Ireland’s Samhain Heritage – Inside The Cave of Cats
In Ireland, there is a mound with a gruesome past. It was the site of pagan rituals where animals were sacrificed to Celtic demons in the nearby Oweynagat cave. It is also the birthplace of the Samhain festival, the ancient roots of Halloween.
The Rathcroghan area was the centre of the ancient Irish kingdom of Connaught. Today, scientists and historians are decoding the 5,500-year-old mystery of Rathcroghan. Irish archaeologist Daniel Curley is an expert on the site. Its history is a testament to Ireland’s rich cultural heritage, and it may soon receive UNESCO World Heritage status. We can trace Halloween’s roots back to Rathcroghan’s ceremonial celebrations.
Ireland’s Samhain Heritage – Rathcroghan Mound
Rooted In Lore
Rathcroghan is a large site covering 2.5 square miles of fertile land, with 240 archaeological sites, including burial mounds, ring forts, standing stones, earthworks, a ritual sanctuary and Oweynagat, also known as the “Gate to Hell.”
Halloween originated from the Celtic New Year festival, Samhain, which dates back over 2,000 years. Rathcroghan was an essential place for this festival, marking the end of one year and the start of another.
The Oweynagat Cave, also known as the Cave of the Cats.
Rathcroghan was not a town but a place for people to gather for the kingdom’s festivities. During the Samhain festival, the privileged lived in Rathcroghan, surrounded by burial grounds for the Connachta elite. The lower-class Connachta community lived in dispersed farms and only came to the capital for festivals.
People made offerings to the spirits of Ireland’s underworld during the festival. They believed that Celtic devils, fairies, and leprechauns inhabited this underworld. Some of these demons escaped through the Oweynagat cave during Samhain. The Celts disguised themselves as fellow ghouls to avoid being dragged deep into Tír na nÓg by the devils. They also lit fires on hilltops and fields to protect themselves from physical harm.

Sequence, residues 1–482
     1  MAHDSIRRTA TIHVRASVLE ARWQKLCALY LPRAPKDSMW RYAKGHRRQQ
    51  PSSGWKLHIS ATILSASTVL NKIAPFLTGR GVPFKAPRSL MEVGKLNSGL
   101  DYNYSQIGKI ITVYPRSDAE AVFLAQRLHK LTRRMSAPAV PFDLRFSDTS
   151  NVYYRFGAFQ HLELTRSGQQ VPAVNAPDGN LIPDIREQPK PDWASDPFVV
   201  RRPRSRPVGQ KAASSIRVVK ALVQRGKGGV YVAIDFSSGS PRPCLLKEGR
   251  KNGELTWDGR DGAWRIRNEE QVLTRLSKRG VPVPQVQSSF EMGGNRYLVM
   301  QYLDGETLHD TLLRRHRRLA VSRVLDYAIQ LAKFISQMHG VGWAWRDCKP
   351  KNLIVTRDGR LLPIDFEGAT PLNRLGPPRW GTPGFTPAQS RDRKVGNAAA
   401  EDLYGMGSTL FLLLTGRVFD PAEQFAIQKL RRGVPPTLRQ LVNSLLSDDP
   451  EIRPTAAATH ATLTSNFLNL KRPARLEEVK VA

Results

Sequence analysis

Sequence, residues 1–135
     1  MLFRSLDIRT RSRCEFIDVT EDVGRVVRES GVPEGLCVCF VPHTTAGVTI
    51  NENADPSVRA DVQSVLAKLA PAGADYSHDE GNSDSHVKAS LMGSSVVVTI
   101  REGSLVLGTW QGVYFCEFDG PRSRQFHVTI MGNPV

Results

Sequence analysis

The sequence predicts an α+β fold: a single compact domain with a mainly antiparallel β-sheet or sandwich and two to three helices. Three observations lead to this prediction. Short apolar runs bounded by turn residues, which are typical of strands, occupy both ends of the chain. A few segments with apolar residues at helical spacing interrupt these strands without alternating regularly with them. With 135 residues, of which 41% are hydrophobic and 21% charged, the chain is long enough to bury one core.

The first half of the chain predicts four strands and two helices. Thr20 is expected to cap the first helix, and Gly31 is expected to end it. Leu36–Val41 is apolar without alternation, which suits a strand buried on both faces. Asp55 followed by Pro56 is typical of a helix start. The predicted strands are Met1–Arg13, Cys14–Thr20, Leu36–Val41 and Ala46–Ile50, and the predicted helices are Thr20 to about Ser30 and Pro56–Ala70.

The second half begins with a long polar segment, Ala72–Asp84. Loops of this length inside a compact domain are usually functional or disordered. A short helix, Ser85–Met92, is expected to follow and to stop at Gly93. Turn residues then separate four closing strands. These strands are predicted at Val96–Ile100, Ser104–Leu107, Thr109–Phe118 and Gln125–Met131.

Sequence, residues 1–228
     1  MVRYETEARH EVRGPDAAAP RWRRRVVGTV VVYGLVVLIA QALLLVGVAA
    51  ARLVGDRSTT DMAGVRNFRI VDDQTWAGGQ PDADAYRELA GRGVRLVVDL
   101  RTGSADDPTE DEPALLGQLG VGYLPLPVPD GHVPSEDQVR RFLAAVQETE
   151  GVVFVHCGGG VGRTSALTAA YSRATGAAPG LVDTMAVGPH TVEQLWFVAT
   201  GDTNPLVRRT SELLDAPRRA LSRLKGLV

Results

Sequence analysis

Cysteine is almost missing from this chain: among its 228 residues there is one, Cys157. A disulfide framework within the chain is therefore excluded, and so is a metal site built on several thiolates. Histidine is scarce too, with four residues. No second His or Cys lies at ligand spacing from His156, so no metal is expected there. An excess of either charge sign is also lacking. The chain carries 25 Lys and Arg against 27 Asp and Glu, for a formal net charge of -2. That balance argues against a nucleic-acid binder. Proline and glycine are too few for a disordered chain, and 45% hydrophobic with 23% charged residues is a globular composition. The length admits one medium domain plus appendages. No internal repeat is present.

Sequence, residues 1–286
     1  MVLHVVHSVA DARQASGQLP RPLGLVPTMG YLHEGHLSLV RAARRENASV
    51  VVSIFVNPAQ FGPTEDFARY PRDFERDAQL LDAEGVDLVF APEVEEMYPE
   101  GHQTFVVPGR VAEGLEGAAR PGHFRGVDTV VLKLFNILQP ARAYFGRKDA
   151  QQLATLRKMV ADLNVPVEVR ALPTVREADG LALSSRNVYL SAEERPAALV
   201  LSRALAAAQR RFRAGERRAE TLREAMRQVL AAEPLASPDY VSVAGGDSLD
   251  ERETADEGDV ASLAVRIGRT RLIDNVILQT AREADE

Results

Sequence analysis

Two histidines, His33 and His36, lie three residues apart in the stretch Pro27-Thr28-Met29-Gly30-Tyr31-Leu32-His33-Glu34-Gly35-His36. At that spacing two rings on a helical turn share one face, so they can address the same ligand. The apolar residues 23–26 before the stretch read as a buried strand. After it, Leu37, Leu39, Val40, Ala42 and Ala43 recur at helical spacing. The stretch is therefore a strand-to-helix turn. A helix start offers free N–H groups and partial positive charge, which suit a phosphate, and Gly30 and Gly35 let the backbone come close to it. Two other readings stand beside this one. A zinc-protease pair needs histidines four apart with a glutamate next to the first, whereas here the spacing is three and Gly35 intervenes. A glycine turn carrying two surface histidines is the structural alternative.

Rathcroghan is a historical site that has never been excavated. Some experts believe it to be Europe’s largest unexcavated royal complex. Non-invasive technology and artifacts found in the vicinity have helped reveal its archaeological secrets beneath the ground. Archeologists can now do targeted excavation without damaging the site. It is crucial to protect and preserve such historical remains hidden beneath the ground and slowly consumed by nature.
Oweynagat Cave – “Gate to Hell”
Becoming a UNESCO Site
Rathcroghan, a significant historical site in Ireland, has the potential to attract more visitors. One way to promote Rathcroghan is to highlight it as the “Birthplace of Halloween”. Such a promotion could help attract more tourists. Additionally, Rathcroghan could gain more prestige by becoming a UNESCO World Heritage site. However, finding Oweynagat, Rathcroghan’s hell cave and the birthplace of Medb, may be difficult.
Despite the difficulty, visitors can still access Oweynagat by hopping over a fence and walking through a field. It is worth noting that Halloween has been celebrated for over 2,000 years. The tradition of trick-or-treating, which is popular among children today, is rooted in prehistoric customs such as those associated with hell caves, supernatural animals, and a buried Celtic kingdom. 🎃
Sourced from National Geographic.
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